Kansas State opened the season with a 55-19 victory over Central Arkansas on Saturday at Bill Snyder Family Stadium.
Three thoughts on the game:
1. The Wildcats have playmakers at receiver.
Jesse Ertz will have more options in the passing game this season -- a lot more. Every K-State receiver that caught a pass against Central Arkansas did something electric. Isaiah Zuber made a nifty back-shoulder grab for a touchdown, Dalton Schoen rumbled 70 yards for a touchdown, Isaiah Harris caught three passes for 118 yards and a touchdown, Byron Pringle grabbed three balls for 121 yards and a touchdown. Quite a change from last season, when getting even one explosive play from a receiver sometimes felt like a challenge.
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Ertz made it look easy piling up a career-high 333 passing yards, and he has his receivers to thank for that. Not only did they get open, they made impressive plays after the catch. Pringle, as many expected, looked great and used a juke move to get free on his 55-yard score. He is hard to touch, let alone tackle, in the open field. Schoen lived up to the buzz he earned in preseason camp. And Harris bounced around the field like a pinball. His catch-and-run touchdown down the right sideline was the best play of the night. He has great speed and great hands.
It hardly mattered that Dominique Heath (I’m told he should play next week) watched this game from the sideline. K-State showed it has depth at receiver. Things will surely get tougher as the season goes on and teams devote more defensive resources to their coverage (Central Arkansas sold out to stop the run) but this was a very encouraging start for K-State’s receivers.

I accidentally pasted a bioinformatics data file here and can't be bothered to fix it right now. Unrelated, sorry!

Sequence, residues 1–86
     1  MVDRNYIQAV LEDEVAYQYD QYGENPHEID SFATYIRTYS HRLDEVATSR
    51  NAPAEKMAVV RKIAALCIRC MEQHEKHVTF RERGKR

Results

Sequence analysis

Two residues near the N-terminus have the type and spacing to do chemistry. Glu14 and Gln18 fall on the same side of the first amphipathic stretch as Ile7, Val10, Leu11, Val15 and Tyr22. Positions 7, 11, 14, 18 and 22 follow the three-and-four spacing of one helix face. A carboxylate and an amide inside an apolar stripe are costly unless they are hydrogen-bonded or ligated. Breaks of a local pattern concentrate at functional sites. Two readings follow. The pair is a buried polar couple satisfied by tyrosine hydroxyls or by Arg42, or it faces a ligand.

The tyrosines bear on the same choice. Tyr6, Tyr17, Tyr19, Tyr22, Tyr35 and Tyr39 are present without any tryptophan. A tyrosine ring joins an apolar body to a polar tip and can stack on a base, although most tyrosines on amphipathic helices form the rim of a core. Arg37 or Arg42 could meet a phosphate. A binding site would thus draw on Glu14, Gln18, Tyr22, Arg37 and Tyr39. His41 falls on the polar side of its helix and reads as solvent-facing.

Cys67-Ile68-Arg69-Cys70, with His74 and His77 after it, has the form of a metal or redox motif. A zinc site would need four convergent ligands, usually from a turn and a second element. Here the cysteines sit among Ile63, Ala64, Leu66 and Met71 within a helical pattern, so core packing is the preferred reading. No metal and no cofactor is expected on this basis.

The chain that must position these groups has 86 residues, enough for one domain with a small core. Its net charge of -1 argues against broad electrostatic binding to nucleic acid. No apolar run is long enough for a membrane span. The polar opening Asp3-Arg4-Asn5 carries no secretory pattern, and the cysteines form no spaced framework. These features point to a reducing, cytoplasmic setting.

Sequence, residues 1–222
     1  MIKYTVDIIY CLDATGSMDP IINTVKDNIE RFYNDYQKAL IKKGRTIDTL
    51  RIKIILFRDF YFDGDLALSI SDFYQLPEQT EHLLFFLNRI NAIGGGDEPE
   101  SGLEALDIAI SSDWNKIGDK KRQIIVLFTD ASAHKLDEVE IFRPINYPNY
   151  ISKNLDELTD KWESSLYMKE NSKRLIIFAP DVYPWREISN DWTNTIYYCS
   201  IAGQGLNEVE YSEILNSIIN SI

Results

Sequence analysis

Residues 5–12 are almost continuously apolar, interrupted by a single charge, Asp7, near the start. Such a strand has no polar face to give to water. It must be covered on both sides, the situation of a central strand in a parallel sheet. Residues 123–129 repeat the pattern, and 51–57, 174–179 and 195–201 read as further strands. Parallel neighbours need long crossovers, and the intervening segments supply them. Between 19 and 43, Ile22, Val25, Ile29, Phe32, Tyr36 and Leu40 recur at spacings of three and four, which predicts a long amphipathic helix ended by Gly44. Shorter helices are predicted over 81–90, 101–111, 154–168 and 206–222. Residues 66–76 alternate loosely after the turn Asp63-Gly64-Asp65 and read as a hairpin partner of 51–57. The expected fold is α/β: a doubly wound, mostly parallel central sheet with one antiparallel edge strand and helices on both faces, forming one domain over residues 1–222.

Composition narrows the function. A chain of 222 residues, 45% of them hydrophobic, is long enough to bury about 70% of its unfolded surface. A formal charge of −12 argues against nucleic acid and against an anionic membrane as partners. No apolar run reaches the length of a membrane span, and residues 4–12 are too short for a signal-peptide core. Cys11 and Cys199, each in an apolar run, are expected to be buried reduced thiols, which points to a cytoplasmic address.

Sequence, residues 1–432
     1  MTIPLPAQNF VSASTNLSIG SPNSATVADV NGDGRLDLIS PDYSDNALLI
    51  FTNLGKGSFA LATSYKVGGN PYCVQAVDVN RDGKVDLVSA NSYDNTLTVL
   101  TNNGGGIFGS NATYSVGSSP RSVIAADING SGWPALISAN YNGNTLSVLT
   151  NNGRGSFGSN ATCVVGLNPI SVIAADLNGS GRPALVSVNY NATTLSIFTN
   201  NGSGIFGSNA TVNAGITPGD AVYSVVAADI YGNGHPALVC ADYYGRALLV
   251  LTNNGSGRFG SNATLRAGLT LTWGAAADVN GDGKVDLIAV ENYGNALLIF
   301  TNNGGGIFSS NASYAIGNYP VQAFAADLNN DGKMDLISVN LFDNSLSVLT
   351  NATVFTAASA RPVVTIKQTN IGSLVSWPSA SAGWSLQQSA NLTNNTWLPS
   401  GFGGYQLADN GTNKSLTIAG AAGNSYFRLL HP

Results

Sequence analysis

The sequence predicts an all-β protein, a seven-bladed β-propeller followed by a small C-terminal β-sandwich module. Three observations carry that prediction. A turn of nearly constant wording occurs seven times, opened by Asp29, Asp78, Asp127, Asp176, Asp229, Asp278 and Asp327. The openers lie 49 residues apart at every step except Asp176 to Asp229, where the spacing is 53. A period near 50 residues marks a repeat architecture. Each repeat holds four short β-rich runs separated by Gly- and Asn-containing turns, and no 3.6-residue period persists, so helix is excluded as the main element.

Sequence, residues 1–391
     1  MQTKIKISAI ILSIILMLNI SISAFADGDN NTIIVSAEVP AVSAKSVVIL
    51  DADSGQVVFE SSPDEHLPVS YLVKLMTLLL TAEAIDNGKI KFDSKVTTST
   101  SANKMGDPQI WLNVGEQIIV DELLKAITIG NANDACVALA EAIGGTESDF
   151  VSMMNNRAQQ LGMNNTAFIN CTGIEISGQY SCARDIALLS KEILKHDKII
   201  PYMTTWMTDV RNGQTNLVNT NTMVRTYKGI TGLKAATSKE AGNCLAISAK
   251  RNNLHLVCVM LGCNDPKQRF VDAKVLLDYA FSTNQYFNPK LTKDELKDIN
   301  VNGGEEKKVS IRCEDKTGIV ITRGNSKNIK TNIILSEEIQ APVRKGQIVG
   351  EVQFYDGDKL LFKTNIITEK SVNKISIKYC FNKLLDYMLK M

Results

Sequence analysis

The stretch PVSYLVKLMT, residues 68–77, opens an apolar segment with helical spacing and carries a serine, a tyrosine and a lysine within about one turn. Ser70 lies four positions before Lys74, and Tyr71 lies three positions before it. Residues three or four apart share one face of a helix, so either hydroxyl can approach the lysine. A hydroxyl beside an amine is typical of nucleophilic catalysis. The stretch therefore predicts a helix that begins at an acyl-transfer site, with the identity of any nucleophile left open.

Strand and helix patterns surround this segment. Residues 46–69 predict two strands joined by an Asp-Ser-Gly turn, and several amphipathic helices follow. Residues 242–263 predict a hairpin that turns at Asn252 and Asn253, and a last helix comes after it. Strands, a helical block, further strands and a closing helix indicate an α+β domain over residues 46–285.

2. K-State has some growing up to do on defense.
That is true at most positions after K-State allowed Central Arkansas to match it score for score early and pile up 421 yards of offense late. The Bears averaged 4.1 yards per rush and completed 77 percent of their passes.
The Wildcats looked particularly weak against the option, something that defensive tackle Will Geary and defensive back D.J. Reed admitted they were not prepared to defend.
K-State’s biggest lapses seemed to come at linebacker, which probably was to be expected with Trent Tanking and Jayd Kirby making their first starts. They seemed a tad slow and struggled to stop Central Arkansas players when they got past the line of scrimmage. Replacing Elijah Lee and Charmeachealle Moore remains a work in progress.
One thing K-State did well was blitz. Defensive coordinator Tom Hayes hinted he might try to be a bit more aggressive this season, and he was on Saturday. Eli Walker, Brogan Barry, Denzel Goolsby, Duke Shelley, Kirby and Reed all had a tackle for loss. Whenever Hayes called for safety/corner blitzes, they seemed to work.
3. There aren’t many return duos better than Byron Pringle and D.J. Reed.
I touched on this already with a full story, but I think it’s worth discussing more here. How do opposing coaches neutralize Pringle and Reed on returns? I don’t know. Central Arkansas tried kicking it to Reed and he torched the Bears for two huge returns. They tried kicking it to Pringle, and he gave K-State great field position. By the end, they were lofting short kickoffs to Tanner Wood and hoping for the best. This is going to be an issue for every team on K-State’s schedule. The best strategy is probably to ask a strong kicker to deliver touchbacks, but even that puts the ball at the 25. And not every team has a strong kicker. On punts, do you kick it out of bounds? Try for extra hang time and not worry about distance? Pringle and Reed put kickers and punters in a serious bind. Based on what they did Saturday, that won’t change anytime soon.
Kellis Robinett: @kellisrobinett